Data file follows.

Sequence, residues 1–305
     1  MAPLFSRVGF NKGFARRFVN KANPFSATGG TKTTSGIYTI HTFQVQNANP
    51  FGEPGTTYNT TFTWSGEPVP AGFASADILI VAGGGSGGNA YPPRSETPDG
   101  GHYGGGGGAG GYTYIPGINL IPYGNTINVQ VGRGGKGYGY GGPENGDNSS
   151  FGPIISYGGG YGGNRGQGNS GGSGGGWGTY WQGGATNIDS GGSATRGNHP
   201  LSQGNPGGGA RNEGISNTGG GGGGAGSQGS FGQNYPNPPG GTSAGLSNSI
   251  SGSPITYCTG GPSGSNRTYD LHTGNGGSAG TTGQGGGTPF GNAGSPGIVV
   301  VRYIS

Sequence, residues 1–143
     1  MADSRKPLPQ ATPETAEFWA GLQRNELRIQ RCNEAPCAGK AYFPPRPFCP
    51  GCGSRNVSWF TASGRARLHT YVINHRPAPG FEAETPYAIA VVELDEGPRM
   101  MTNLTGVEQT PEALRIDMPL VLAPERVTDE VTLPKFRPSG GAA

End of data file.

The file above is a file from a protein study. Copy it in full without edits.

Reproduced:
Sequence, residues 1–305
     1  MAPLFSRVGF NKGFARRFVN KANPFSATGG TKTTSGIYTI HTFQVQNANP
    51  FGEPGTTYNT TFTWSGEPVP AGFASADILI VAGGGSGGNA YPPRSETPDG
   101  GHYGGGGGAG GYTYIPGINL IPYGNTINVQ VGRGGKGYGY GGPENGDNSS
   151  FGPIISYGGG YGGNRGQGNS GGSGGGWGTY WQGGATNIDS GGSATRGNHP
   201  LSQGNPGGGA RNEGISNTGG GGGGAGSQGS FGQNYPNPPG GTSAGLSNSI
   251  SGSPITYCTG GPSGSNRTYD LHTGNGGSAG TTGQGGGTPF GNAGSPGIVV
   301  VRYIS

Sequence, residues 1–143
     1  MADSRKPLPQ ATPETAEFWA GLQRNELRIQ RCNEAPCAGK AYFPPRPFCP
    51  GCGSRNVSWF TASGRARLHT YVINHRPAPG FEAETPYAIA VVELDEGPRM
   101  MTNLTGVEQT PEALRIDMPL VLAPERVTDE VTLPKFRPSG GAA